If you’re a student, you know that there’s a crisis in higher education. College tuition has increased 12-fold since 1978, and students are burdened by more than $1 trillion in student loan debt.
Even though President Barack Obama introduced a plan last week to add value to higher education, his proposal won’t address the core problem. In fact, it invites a parade of unintended consequences.
Obama’s plan would tie federal aid to metrics such as graduation rates. But this would only water down academic quality, incentivizing college administrators to lower standards and encouraging professors to give “Gentleman’s C’s” to students who deserve a failing grade. The more students who graduate, administrators might think, the more federal aid their university will receive.
If you think professors wouldn’t go along with this plan, ask yourself where their salaries come from.
Additionally, many universities will presumably submit phony data to the government to receive more funding. If you think I am being cynical, consider actions taken by universities – including our own, which admitted to submitting inaccurate data about class rankings – to achieve high placements on the overhyped U.S. News and World Report rankings list.
Ninety-one percent of admissions directors believed other institutions were submitting false data, according to a 2012 Inside Higher Ed survey. If so many universities are presumably willing to go to great lengths to jump ahead a few spots on the U.S. News rankings, imagine what they’ll do if their financial livelihoods are dependent on such metrics.
But there are better solutions to cutting college costs than the one Obama proposed.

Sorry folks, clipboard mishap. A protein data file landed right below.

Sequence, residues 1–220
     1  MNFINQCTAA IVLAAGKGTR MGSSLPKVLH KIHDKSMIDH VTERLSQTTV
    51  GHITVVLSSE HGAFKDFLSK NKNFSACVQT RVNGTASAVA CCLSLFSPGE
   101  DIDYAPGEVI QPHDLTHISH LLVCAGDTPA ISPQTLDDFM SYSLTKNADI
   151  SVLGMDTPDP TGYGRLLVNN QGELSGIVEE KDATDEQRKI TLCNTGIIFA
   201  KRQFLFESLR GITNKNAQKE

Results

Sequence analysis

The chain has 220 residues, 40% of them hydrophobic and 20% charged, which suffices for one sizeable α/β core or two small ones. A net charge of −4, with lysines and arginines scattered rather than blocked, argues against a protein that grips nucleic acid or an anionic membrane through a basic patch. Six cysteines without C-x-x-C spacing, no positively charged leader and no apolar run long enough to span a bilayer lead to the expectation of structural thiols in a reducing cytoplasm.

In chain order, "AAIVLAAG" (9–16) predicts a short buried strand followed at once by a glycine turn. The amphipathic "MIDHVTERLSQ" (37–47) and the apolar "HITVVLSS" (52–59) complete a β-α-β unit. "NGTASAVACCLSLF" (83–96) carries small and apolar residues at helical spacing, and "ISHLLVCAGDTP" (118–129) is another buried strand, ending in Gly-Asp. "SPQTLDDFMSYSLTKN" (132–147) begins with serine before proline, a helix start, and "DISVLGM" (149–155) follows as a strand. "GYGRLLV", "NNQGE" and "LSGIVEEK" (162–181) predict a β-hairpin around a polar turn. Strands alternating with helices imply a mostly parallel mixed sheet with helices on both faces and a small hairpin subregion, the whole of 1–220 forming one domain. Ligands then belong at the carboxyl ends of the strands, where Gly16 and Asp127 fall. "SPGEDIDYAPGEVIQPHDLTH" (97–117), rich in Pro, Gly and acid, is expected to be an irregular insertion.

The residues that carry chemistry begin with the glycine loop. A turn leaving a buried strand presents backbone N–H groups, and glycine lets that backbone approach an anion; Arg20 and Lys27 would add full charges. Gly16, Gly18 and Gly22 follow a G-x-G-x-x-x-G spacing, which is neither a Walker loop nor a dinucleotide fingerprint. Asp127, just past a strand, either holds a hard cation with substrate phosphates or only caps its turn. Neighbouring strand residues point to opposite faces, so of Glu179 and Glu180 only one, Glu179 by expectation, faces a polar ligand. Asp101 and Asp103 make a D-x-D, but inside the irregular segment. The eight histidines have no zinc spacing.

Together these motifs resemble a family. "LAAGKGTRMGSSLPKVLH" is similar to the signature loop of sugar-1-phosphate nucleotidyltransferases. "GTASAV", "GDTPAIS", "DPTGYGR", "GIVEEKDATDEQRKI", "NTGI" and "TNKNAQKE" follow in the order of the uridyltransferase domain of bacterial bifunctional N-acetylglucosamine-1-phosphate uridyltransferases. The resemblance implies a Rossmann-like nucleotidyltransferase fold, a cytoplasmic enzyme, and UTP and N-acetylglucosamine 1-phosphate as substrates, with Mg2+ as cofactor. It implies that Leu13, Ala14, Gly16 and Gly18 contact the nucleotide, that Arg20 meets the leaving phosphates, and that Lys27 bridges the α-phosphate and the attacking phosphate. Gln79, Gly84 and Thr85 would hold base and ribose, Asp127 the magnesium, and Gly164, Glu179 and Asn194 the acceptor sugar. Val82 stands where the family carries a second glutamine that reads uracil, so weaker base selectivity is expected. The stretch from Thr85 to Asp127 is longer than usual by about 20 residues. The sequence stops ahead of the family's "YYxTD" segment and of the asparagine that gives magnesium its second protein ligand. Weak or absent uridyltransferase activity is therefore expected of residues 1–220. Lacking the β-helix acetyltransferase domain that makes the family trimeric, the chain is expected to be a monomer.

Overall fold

Costs are skyrocketing because universities can raise tuition indiscriminately, because they think that Uncle Sam will cover the entire cost with financial aid. Instead, the government should only provide financial aid for tuition increases at the inflation rate, which is hovering at around 2 percent. Because many students rely on federal financial aid to pay for their education, this will put pressure on universities to keep their costs down and force schools to compete with each other based on tuition price.
Of course, some university administrators will complain that such cost controls are unrealistic. But can anyone take such an argument seriously when schools have been spending money renovating football stadiums, providing vacation homes for faculty and paying premiums for high profile speakers?
The higher education lobby would fiercely oppose such a reform proposal. But when it comes down to it, is federal support for higher education supposed to serve us or them?
Pooya Hajibagheri is a second-year law student.
This article appeared in the August 29, 2013 issue of the Hatchet.